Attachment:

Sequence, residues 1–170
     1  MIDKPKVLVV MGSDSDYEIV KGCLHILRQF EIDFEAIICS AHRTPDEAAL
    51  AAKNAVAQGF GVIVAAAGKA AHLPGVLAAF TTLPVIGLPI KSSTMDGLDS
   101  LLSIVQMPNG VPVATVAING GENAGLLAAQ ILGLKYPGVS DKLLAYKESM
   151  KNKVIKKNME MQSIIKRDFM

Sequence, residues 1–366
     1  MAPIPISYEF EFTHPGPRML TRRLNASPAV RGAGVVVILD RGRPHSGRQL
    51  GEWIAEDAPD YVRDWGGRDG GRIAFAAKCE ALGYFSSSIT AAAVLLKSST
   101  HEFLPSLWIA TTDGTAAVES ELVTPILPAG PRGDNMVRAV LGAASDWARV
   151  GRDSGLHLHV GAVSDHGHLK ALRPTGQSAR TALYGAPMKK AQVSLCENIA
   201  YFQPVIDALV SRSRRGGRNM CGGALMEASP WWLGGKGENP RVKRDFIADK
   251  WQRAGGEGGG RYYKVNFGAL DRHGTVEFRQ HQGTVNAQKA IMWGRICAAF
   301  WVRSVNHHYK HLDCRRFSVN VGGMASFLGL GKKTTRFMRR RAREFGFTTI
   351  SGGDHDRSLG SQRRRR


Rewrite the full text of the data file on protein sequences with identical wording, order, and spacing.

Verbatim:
Sequence, residues 1–170
     1  MIDKPKVLVV MGSDSDYEIV KGCLHILRQF EIDFEAIICS AHRTPDEAAL
    51  AAKNAVAQGF GVIVAAAGKA AHLPGVLAAF TTLPVIGLPI KSSTMDGLDS
   101  LLSIVQMPNG VPVATVAING GENAGLLAAQ ILGLKYPGVS DKLLAYKESM
   151  KNKVIKKNME MQSIIKRDFM

Sequence, residues 1–366
     1  MAPIPISYEF EFTHPGPRML TRRLNASPAV RGAGVVVILD RGRPHSGRQL
    51  GEWIAEDAPD YVRDWGGRDG GRIAFAAKCE ALGYFSSSIT AAAVLLKSST
   101  HEFLPSLWIA TTDGTAAVES ELVTPILPAG PRGDNMVRAV LGAASDWARV
   151  GRDSGLHLHV GAVSDHGHLK ALRPTGQSAR TALYGAPMKK AQVSLCENIA
   201  YFQPVIDALV SRSRRGGRNM CGGALMEASP WWLGGKGENP RVKRDFIADK
   251  WQRAGGEGGG RYYKVNFGAL DRHGTVEFRQ HQGTVNAQKA IMWGRICAAF
   301  WVRSVNHHYK HLDCRRFSVN VGGMASFLGL GKKTTRFMRR RAREFGFTTI
   351  SGGDHDRSLG SQRRRR